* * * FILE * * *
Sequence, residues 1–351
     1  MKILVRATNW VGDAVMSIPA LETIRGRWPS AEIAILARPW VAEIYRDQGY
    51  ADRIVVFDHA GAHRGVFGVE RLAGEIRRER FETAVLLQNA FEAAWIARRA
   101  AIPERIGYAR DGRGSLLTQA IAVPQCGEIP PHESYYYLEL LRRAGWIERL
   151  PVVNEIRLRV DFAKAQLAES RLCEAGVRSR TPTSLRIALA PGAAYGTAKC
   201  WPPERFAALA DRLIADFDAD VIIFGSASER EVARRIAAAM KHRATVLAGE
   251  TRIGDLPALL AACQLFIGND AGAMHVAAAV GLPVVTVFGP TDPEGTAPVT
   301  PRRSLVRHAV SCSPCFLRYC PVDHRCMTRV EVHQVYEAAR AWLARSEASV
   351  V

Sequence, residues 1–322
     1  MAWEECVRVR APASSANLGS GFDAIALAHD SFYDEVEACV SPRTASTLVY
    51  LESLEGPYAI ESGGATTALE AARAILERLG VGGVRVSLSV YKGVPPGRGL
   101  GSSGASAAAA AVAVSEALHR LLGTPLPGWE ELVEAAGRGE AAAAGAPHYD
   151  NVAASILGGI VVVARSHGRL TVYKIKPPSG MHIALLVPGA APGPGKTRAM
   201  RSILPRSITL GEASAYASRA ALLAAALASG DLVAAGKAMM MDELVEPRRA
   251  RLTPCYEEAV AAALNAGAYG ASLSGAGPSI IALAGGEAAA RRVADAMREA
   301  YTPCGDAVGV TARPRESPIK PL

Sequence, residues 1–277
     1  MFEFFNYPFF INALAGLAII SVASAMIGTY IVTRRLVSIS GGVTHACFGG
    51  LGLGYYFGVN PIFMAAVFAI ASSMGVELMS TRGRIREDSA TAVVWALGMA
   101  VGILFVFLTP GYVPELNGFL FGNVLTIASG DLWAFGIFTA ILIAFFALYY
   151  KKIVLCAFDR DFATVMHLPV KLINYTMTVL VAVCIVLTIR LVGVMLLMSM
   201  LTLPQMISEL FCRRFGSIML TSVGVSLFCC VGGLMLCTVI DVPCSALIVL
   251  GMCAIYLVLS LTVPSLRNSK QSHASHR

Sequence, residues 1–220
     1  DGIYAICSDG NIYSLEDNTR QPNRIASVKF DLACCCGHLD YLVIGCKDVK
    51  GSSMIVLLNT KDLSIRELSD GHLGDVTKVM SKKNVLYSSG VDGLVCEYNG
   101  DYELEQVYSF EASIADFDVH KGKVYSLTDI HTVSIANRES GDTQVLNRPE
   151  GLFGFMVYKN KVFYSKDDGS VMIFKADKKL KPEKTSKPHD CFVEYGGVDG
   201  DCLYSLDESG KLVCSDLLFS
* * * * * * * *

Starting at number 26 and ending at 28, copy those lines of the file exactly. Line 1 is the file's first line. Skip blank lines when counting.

     1  DGIYAICSDG NIYSLEDNTR QPNRIASVKF DLACCCGHLD YLVIGCKDVK
    51  GSSMIVLLNT KDLSIRELSD GHLGDVTKVM SKKNVLYSSG VDGLVCEYNG
   101  DYELEQVYSF EASIADFDVH KGKVYSLTDI HTVSIANRES GDTQVLNRPE